So rather than twisting, Arsenal have decided to stick with Wenger, the board, the coaches and the staff.
Apparently they’re planning on recycling the used tea-bags from last year as well.
Following Mr Gazidis’ comments on last season being a catalyst for change…
Where else could change arise?
It seems the board are happy to allow Wenger’s backroom team to continue unopposed. Of course, if Gazidis is happy for Wenger to continue in his current capacity then why shouldn’t his backroom staff be granted the same courtesy?
The tolerance of the board over Wenger choosing to keep on his backroom staff should come as no revelation. Wenger is loyal to a fault. If a new manager came in, he would be permitted to choose his own staff, so it shouldn’t shock anyone that the board have granted Wenger the same consideration.
Yet this was a chance to shake things up.
A chance the club has spurned.
There is a suspicion that Wenger’s backroom staff is in dire need of a reshuffle.
Despite the players singing their praises after the club’s FA Cup triumph, it should not go unnoticed these were the same individuals charged with readying the team for fixtures against: West Brom, Crystal Palace, Bayern Munich, Liverpool, Tottenham, Watford, Everton and Southampton.
These were the individuals who sat silently shifting in their seats as Wenger described Granit Xhaka as an attacking-midfielder.
These are the individuals who will bite their lip when Wenger describes Wilshere as a new signing in a month’s time and hail the signing of 15-year-old Bosnian youth Slaviska Slowinka as a shrewd piece of business.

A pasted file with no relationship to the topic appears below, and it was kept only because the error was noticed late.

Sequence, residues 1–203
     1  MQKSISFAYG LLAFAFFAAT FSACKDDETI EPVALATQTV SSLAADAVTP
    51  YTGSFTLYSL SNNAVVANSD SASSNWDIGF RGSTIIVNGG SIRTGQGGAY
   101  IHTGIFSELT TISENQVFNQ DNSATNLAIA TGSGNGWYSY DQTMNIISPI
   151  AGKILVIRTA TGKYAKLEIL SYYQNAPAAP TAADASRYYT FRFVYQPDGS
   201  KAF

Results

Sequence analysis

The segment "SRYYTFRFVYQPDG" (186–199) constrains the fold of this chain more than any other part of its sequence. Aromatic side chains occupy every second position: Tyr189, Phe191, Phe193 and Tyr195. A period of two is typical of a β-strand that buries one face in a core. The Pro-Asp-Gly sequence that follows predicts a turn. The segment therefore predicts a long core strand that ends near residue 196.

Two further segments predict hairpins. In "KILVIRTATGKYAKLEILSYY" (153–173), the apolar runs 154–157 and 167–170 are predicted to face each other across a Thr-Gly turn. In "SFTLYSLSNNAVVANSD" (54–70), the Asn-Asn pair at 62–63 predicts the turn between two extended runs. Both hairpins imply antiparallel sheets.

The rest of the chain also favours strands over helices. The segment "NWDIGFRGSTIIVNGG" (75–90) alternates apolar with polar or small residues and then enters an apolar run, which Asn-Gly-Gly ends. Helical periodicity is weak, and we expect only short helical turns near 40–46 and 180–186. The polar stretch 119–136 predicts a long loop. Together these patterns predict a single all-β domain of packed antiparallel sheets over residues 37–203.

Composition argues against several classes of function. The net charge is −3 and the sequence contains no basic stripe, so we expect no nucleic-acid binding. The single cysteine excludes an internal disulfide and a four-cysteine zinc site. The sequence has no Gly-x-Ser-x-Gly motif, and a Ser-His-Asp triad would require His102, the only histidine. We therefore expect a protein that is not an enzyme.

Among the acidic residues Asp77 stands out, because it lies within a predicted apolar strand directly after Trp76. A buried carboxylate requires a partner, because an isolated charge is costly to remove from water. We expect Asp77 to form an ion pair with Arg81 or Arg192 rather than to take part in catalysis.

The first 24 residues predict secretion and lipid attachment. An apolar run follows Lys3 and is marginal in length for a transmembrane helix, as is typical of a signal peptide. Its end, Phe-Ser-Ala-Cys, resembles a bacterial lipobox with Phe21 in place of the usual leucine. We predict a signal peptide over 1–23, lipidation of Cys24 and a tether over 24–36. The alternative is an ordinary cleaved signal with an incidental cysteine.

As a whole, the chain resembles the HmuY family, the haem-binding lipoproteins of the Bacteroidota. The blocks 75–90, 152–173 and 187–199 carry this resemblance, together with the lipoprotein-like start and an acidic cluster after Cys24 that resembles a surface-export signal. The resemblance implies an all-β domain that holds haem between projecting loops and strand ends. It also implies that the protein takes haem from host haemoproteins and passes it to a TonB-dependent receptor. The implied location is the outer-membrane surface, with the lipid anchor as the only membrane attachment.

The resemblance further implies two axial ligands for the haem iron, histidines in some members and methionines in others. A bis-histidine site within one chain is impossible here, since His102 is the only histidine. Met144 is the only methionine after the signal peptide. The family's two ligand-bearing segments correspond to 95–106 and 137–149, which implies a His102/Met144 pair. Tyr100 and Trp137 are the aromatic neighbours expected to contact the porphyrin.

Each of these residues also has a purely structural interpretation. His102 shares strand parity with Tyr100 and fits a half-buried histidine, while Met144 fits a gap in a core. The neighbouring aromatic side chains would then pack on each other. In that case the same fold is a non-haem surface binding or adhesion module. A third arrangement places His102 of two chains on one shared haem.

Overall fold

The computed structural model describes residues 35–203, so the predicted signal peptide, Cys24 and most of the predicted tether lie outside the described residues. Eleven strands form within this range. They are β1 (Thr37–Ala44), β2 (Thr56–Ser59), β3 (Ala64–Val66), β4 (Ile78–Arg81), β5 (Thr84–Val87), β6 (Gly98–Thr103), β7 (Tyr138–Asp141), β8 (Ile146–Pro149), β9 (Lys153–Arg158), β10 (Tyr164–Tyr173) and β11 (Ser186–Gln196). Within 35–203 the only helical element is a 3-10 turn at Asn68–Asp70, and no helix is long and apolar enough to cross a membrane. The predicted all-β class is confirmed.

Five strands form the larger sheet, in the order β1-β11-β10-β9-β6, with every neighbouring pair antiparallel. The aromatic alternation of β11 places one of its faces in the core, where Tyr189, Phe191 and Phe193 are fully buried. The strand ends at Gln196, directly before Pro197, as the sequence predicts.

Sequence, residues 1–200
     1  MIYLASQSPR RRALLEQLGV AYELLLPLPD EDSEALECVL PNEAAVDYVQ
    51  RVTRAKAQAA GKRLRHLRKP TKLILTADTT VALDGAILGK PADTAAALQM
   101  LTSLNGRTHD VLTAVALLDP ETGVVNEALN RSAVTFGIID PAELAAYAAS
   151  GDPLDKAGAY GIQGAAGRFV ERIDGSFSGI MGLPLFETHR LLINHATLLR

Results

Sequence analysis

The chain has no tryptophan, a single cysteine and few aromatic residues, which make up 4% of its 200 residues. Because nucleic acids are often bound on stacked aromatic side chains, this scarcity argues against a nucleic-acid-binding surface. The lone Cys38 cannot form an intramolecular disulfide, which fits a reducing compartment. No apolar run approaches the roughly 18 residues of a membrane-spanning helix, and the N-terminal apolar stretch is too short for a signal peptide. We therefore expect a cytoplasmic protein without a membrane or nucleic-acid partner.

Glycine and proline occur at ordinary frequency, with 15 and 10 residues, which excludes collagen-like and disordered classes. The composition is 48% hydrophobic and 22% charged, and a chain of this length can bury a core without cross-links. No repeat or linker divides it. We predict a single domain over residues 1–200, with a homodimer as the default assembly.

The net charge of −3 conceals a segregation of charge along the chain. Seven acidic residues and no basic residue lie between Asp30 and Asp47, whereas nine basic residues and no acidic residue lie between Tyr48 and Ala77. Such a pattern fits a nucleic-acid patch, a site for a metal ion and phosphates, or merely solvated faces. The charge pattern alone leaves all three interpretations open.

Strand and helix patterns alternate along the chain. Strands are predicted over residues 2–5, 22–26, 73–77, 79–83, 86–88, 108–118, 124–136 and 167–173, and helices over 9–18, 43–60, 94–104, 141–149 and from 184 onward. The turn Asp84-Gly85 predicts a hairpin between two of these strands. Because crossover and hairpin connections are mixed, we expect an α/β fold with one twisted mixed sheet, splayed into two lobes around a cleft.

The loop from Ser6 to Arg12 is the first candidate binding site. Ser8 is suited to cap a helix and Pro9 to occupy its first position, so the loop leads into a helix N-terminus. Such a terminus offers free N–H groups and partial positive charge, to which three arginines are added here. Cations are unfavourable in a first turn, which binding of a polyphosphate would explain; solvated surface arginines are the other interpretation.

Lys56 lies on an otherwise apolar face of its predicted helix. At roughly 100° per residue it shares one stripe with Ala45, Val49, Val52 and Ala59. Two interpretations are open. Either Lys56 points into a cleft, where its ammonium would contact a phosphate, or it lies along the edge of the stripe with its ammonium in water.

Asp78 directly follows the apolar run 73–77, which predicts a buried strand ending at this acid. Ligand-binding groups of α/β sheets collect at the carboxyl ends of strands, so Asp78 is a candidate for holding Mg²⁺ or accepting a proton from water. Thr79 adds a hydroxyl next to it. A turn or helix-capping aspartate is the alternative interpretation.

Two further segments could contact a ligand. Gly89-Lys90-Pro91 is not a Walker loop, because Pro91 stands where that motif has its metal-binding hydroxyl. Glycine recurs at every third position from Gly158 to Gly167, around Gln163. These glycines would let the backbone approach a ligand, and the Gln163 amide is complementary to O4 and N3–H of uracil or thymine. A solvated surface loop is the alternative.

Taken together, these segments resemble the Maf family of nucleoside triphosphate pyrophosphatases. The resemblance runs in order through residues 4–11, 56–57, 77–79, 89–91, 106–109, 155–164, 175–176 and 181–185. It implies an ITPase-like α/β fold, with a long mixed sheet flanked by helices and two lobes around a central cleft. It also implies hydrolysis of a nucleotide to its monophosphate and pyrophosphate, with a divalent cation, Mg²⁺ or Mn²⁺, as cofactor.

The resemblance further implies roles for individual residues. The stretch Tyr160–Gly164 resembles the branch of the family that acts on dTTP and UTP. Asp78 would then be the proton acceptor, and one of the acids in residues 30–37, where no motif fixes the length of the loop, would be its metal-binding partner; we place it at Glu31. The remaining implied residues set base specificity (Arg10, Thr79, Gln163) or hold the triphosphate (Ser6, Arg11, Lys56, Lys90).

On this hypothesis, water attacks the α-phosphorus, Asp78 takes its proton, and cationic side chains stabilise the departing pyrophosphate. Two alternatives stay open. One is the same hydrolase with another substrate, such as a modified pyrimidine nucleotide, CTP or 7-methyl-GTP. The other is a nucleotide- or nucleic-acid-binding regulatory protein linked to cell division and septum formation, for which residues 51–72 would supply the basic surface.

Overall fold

Of course, there are a few individuals who deserve to keep their position with the club.
Gerry Peyton is a seasoned veteran. He has played over 600 competitive matches for clubs such as: Bolton, Southend United and Brentford, he was capped 33 times by footballing powerhouse Ireland and he has coached around the world – most notably in the Japanese and Swedish first division. He even gives Petr Cech and Emi Martinez a handful of Werthers Originals if they fetch his slippers for him.
Outrage aside, the board have only a number of alternative routes to demonstrate that this season will be different. The first and most significant could be the introduction of a Director of Football, who will be given the title of Director of Operations. Wait, that might still upset Wenger. Director of Non-Footballing Operations. No, still has the word football in it. Director of Things Wenger Doesn’t Care About? Hmmm, still too close for comfort. Assistant of Tea and Biscuit Operations? Yep, that’s the one!
The Director of Tea and Biscuit Operations, when not picking up the Tetley and custard creams, will hopefully be tasked with renewing contracts, identifying playing targets and coordinating with Wenger on a possible succession plan in 2043.
It seems absurd that, until this point, Wenger has been entrenched in negotiations with players. The result of a manager trying to hardball a player into signing a contract must be counterproductive to motivating them to play.
By offering them less than they feel they deserve, the player must naturally feel undervalued. Perhaps Gazidis’ plan for change is to have some Deal or No Deal styled contract negotiations with Arsene Wenger positioned as banker in a remote room with a direct telephone line.
At least, it would make a welcome change from the club begrudgingly selling to a close rival.
Gazidis has promised change.
I would greatly love to believe this to be true – but this is the man who once claimed that Arsenal would soon be competing with clubs like Bayern Munich before later reneging on such assertions.
Change is not forthcoming.
No amount of booing, protests, hired airplanes or YouTube videos is going to alter that.